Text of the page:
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HKU council controversy

University of Hong Kong’s council votes 12-8 to reject Johannes Chan’s appointment as pro-vice-chancellor

Students and alumni immediately condemn decision as politically motivated, due to liberal scholar's close ties to Occupy Central founder

PUBLISHED : Tuesday, 29 September, 2015, 6:57pm
UPDATED : Wednesday, 30 September, 2015, 10:30am

In an unprecedented move, after months of delay and controversy, the University of Hong Kong's governing council has rejected Professor Johannes Chan Man-mun's appointment to a key managerial post.

The decision was immediately condemned by students and alumni, who accused pro- government council members of politicising an academic matter and threatened to challenge it in court.

The opposition to Chan's appointment has been linked to his close ties to colleague Benny Tai Yiu-ting, a co-founder of the Occupy Central movement.

Today is the saddest day in the University of Hong Kong’s 100 years of history
IP KIN-YUEN, ALUMNI CONCERN GROUP

In a secret ballot last night, the council voted 12-8 to reject a search committee's recommendation that Chan should take up the post of a pro-vice-chancellor in charge of academic staffing and resources.

Embattled council chairman Edward Leong Che-hung, who did not take part in the vote, insisted it was in the "long-term best interests" of the university.

"Because of the issue of confidentiality of the council and also of the privacy of the candidate concerned, we will not be exposing what was discussed," he said.

But an angry HKU student union president Billy Fung Jing-en, who sits on the council, abandoned confidentiality rules to spill the beans on what pro-government council members and non-HKU staff had said behind closed doors.

Quoting executive councillor Arthur Li Kwok-cheung and seven others, Fung cited reasons they gave ranging from Chan having no PhD degree and not publishing enough in academic research to his failure to "send regards" to a council member who collapsed in July when students stormed a meeting of the governing council over the appointment.

"History will surely remember this bunch of people," Fung said, deducing that of the eight members who voted for Chan, seven were staff and student representatives.

Leong issued a statement condemning the "deoplorabale action" taken by the student leader in revealing details of the confidential discussion. "His action shows his complete disregard and disrespect of the council's [confidentiality] requirement," he said.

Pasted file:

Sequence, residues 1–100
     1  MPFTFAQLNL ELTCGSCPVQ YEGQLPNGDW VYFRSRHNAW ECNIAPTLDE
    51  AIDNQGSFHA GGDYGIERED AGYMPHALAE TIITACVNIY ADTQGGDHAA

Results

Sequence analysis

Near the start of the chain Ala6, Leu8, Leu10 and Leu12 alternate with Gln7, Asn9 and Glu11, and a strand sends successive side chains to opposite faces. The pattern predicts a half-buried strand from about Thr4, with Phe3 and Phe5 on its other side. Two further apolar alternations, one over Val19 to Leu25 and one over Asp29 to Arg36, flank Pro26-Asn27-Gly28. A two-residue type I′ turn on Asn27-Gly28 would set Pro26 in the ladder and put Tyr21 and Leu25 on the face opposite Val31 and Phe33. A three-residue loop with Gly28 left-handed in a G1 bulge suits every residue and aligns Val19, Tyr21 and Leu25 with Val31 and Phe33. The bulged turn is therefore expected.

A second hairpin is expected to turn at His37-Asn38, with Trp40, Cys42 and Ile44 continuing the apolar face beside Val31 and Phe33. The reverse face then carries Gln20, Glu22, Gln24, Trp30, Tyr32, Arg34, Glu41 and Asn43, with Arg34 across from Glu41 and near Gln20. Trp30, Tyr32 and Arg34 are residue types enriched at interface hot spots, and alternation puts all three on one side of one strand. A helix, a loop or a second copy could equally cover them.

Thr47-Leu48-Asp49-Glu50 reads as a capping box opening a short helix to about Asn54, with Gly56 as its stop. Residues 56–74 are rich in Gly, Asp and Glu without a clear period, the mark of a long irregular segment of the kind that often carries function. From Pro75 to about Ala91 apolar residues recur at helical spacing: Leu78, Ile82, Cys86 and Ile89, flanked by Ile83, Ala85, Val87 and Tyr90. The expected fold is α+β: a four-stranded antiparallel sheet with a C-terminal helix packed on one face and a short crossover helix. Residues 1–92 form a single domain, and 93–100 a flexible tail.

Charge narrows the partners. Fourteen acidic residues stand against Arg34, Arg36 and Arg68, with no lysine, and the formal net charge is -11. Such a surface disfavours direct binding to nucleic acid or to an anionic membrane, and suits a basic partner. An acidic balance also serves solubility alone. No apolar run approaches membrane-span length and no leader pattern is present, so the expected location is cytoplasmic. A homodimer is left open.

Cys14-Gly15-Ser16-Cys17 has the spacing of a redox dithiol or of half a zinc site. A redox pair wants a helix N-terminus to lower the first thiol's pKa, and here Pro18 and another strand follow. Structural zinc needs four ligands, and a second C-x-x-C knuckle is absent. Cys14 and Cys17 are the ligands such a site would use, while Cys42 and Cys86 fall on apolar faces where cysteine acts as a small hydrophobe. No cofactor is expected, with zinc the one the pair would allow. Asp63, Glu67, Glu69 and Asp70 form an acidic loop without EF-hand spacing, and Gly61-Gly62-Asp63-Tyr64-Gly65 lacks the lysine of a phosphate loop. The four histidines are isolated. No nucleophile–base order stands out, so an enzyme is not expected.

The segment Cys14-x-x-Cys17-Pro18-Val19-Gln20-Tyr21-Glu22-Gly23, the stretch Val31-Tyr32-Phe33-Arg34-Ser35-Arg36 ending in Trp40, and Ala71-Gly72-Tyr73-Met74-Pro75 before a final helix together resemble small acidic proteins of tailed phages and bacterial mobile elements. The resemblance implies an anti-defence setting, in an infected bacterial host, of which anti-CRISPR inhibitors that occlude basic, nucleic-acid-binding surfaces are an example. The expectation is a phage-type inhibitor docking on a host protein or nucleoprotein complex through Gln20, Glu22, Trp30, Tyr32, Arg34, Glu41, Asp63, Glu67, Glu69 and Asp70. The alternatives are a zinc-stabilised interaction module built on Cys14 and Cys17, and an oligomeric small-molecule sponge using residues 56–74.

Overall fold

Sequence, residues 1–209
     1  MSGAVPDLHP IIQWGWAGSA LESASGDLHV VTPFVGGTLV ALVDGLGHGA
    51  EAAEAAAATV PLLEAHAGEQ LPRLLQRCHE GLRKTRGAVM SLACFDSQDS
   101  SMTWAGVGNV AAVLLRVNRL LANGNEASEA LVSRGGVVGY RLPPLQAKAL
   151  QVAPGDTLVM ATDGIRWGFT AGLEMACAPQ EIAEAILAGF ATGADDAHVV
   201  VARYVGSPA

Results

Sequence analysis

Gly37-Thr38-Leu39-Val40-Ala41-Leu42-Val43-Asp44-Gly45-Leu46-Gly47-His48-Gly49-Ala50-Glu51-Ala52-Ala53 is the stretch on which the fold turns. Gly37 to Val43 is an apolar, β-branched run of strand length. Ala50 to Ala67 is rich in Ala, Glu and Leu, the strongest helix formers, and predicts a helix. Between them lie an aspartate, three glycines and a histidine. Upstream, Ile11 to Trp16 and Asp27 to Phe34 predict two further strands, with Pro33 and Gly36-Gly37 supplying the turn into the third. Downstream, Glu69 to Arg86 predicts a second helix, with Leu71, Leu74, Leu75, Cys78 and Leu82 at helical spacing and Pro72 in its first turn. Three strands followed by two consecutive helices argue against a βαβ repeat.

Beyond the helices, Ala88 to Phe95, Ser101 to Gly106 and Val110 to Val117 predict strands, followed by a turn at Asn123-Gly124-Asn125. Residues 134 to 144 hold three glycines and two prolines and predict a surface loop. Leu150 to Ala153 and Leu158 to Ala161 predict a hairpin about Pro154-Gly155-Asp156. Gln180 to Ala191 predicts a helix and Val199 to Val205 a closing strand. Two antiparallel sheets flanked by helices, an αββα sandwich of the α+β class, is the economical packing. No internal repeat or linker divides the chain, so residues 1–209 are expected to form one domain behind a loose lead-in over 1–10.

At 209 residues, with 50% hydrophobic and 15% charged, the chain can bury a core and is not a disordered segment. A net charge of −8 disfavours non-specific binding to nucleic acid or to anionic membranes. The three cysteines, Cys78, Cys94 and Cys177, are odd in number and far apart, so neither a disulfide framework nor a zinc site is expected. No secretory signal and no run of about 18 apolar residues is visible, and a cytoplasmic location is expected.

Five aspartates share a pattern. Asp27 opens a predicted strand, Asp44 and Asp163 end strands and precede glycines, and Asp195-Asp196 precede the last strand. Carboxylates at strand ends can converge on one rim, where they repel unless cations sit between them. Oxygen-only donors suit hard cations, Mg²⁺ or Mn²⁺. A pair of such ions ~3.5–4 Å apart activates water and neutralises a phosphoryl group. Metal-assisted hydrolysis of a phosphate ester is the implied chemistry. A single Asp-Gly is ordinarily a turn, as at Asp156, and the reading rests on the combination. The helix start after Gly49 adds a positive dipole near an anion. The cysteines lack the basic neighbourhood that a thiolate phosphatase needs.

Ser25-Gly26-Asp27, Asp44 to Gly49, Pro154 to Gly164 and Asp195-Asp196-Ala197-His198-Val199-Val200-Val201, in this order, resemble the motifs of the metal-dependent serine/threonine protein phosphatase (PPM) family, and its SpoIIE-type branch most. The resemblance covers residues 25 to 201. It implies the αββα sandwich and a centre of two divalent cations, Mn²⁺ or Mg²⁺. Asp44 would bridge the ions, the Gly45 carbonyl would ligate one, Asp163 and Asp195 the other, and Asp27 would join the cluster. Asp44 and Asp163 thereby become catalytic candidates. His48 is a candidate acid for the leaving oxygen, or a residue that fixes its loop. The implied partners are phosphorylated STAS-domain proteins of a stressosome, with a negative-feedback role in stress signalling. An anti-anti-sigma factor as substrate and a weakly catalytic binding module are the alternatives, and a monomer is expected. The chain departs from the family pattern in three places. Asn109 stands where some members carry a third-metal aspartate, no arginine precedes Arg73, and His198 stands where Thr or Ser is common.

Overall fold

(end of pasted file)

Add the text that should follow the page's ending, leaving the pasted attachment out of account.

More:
Leong said this would harm the free exchange of views and the council would consider sanctions against Fung.

The university would immediately set up a new search committee and restart the recruitment process, HKU vice-chancellor Professor Peter Mathieson said. He expressed "disappointment" at still not having his senior team in place after one-and-a-half years in office. But he stressed that the university was not "paralysed" by the matter.

"We have to concentrate on the best interests of the university. Although people may define 'best interests' in different ways, the council came to a decision which we respect," he said

In a statement, Johannes Chan said he had no further comment, now that the decision was made.

"This is not an issue of personal gain or loss, but one about the core values of academic freedom and institutional autonomy," Chan said. He called on HKU supporters to keep safeguarding those values and not to feel frustrated.

Benny Tai posted a Facebook message demanding council members explain why they had ignored conventions and rejected the committee's recommendation, warning they would otherwise be in breach of their duties and lose society's trust.

Ip Kin-yuen, convener of an alumni concern group, said: "Today is the saddest day in the University of Hong Kong's 100 years of history. We are very, very angry and pained. The university may be destroyed in the hands of a group of council members who were appointed from outside the university."

But Lawrence Pang Wang-kee, spokesman of another alumni concern group, said society should not put pressure on council members: "Objectively speaking, when a person has so many controversies and suspicions surrounding him, you cannot blame the council for making this decision."

Additional reporting by Danny Mok, Phila Siu and Cannix Yau